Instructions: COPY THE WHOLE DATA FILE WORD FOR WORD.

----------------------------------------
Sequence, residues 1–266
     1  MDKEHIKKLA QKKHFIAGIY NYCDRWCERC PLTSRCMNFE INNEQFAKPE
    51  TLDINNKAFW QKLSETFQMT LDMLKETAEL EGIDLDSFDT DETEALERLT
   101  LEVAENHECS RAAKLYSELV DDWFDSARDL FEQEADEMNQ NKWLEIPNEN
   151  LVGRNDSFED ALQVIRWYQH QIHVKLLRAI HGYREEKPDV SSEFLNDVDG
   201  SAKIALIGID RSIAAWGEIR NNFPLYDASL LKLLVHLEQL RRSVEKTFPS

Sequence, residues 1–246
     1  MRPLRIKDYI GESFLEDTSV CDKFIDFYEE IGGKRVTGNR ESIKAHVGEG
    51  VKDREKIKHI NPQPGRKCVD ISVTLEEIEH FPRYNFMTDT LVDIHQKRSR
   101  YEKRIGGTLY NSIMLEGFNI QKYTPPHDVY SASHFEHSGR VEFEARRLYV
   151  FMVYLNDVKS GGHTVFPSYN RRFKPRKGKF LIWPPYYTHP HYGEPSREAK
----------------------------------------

Sequence, residues 1–266
     1  MDKEHIKKLA QKKHFIAGIY NYCDRWCERC PLTSRCMNFE INNEQFAKPE
    51  TLDINNKAFW QKLSETFQMT LDMLKETAEL EGIDLDSFDT DETEALERLT
   101  LEVAENHECS RAAKLYSELV DDWFDSARDL FEQEADEMNQ NKWLEIPNEN
   151  LVGRNDSFED ALQVIRWYQH QIHVKLLRAI HGYREEKPDV SSEFLNDVDG
   201  SAKIALIGID RSIAAWGEIR NNFPLYDASL LKLLVHLEQL RRSVEKTFPS

Sequence, residues 1–246
     1  MRPLRIKDYI GESFLEDTSV CDKFIDFYEE IGGKRVTGNR ESIKAHVGEG
    51  VKDREKIKHI NPQPGRKCVD ISVTLEEIEH FPRYNFMTDT LVDIHQKRSR
   101  YEKRIGGTLY NSIMLEGFNI QKYTPPHDVY SASHFEHSGR VEFEARRLYV
   151  FMVYLNDVKS GGHTVFPSYN RRFKPRKGKF LIWPPYYTHP HYGEPSREAK